The veterans-specific courses are open to active-duty service members as well as vets who've deployed as part of their service. They're designed to help veterans readjust to their lives at home through learning outdoor skills, becoming a part of an expedition team, and participating in group discussions. Outward Bound can also provide custom programs for groups of three or more veterans. Most of the veterans' courses are offered free of charge.
3. Heroes and Horses
Started by a former Navy SEAL, Heroes and Horses serves as an alternative way for combat veterans to learn to live with their physical and mental scars by redefining their purpose and taking ownership of their lives. The organization's main offering is a demanding, 41-day experience on Double-H Ranch in Montana that incorporates meditation, breathing techniques, and a backcountry wilderness experience.
At the ranch, veterans receive instruction on horsemanship, animal husbandry, and horse packing. The days are long and grueling, and they end with guided conversations about the tasks completed and the life lessons taught through the work. After a month on the ranch, veterans head out on a 10-day trip into the Montana backcountry with their horses and mules to put their new skills to the test and break through any self-imposed limits.
4. No Barriers
No Barriers is a Colorado-based organization that provides free-of-charge programs for veterans with disabilities. The goal is to help create a greater sense of belonging and self-discovery as those recovering from the physical and mental scars of service learn to define their new normal. No Barriers hosts two different experiences for veterans: Backcountry Expeditions and Basecamp Experiences.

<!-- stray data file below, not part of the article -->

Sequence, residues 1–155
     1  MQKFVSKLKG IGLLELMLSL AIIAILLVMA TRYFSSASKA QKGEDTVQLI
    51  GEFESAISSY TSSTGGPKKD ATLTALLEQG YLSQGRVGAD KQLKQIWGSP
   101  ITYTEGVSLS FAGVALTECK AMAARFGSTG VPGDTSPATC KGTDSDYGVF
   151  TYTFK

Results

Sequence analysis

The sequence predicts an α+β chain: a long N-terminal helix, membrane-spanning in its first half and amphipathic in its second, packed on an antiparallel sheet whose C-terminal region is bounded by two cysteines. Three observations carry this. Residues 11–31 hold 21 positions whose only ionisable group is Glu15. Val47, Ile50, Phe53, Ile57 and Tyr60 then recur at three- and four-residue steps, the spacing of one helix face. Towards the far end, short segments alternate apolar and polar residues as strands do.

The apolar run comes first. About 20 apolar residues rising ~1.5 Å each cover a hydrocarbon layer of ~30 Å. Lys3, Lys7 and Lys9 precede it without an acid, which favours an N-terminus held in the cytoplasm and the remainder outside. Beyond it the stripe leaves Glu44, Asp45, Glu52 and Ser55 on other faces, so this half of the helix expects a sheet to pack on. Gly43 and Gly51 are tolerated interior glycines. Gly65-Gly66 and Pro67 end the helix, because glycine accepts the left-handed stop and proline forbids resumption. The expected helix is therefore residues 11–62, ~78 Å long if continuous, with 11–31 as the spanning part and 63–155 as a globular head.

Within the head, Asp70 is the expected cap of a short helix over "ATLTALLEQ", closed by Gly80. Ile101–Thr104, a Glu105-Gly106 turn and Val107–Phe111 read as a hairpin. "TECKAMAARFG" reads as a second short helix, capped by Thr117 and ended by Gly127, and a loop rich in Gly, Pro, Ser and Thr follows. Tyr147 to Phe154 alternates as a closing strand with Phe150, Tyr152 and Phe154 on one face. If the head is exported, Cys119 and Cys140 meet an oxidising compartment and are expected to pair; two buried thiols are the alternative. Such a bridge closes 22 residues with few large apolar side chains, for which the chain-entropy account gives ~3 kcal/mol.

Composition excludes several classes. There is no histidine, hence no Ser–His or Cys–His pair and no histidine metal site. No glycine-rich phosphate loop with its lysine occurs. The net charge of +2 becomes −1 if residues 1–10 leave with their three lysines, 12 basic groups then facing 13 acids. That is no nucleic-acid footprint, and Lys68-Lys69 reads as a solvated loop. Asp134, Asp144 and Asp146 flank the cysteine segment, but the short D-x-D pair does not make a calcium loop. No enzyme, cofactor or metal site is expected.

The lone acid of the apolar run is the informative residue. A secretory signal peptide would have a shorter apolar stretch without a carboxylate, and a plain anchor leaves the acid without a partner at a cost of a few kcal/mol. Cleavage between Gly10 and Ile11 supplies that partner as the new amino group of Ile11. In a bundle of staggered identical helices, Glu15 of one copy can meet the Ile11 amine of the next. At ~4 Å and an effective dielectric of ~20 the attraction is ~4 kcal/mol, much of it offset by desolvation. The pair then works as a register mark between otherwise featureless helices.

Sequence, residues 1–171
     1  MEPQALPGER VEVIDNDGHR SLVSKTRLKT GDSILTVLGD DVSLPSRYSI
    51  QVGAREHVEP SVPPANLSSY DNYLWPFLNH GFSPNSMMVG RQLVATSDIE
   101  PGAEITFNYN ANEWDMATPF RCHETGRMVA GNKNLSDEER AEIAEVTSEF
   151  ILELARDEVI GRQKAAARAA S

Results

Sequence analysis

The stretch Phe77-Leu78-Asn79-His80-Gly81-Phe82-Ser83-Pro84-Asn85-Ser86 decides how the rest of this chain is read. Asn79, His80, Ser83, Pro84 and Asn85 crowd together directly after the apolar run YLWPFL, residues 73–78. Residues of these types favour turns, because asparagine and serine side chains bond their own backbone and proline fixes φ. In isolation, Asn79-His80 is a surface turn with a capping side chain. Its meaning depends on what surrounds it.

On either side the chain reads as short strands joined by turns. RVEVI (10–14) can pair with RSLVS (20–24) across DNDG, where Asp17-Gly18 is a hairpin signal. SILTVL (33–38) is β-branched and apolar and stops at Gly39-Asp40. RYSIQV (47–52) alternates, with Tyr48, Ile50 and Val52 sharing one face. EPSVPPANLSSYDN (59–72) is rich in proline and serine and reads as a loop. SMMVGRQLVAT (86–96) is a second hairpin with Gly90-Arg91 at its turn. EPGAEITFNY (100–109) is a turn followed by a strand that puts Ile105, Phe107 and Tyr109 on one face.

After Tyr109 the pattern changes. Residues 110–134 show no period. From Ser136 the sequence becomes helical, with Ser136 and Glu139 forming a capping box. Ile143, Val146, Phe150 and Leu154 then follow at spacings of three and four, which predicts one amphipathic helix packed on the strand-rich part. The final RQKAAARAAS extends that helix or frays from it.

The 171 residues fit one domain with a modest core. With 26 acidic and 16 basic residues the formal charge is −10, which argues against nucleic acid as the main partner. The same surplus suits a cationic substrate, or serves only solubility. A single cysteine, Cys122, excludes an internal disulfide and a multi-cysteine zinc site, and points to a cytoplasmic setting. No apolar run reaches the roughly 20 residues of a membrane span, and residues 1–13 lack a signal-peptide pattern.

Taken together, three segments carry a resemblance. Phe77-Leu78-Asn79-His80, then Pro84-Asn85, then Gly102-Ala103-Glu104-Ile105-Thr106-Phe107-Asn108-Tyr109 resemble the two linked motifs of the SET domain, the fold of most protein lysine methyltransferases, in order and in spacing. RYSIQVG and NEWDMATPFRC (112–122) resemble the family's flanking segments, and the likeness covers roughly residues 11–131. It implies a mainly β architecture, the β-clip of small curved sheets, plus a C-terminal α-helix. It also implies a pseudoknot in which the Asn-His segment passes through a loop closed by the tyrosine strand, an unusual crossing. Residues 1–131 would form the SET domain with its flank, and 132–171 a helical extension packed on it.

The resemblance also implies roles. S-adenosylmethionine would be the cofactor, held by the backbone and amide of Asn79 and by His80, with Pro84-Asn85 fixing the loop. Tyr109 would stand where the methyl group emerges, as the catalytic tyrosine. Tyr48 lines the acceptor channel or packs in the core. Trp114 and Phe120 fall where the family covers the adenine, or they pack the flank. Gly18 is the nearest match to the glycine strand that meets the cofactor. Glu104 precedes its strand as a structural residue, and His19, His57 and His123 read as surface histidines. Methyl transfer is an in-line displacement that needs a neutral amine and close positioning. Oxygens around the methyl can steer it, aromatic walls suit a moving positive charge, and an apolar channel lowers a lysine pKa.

Backcountry Expeditions take place either in the Rocky Mountains of Colorado or the Blue Ridge Mountains of North Carolina. They are typically five- to seven-day backpacking trips, river trips, or summit attempts.
Basecamp Experiences are hosted on the No Barriers campus in the northern Rocky Mountains, which offers lodging, ropes courses, and climbing walls. The Basecamp Experiences are meant to serve disabled vets with different needs and abilities who may not be able to complete a backcountry trip. Activities include whitewater rafting, rock climbing, and hiking, made accessible as needed.
Both experiences also include campfire conversations, journaling practices, and other activities to foster connection and self-exploration.
5. Veterans Expeditions
Let by vets for vets, Veterans Expeditions hosts outdoor expeditions to help attendees feel empowered and connected with a wider service member community. The programs are open to all who have served but are particularly designed for those returning home from combat.
The various excursions include winter backpacking trips in Washington, mountain biking and rock climbing in Utah, whitewater rafting, and even golfing.
Through these programs, Veterans Expeditions creates a community of folks with shared experiences both on and off deployment. The organization also offers a specific purpose to vets by creating employment opportunities for them in the outdoor industry.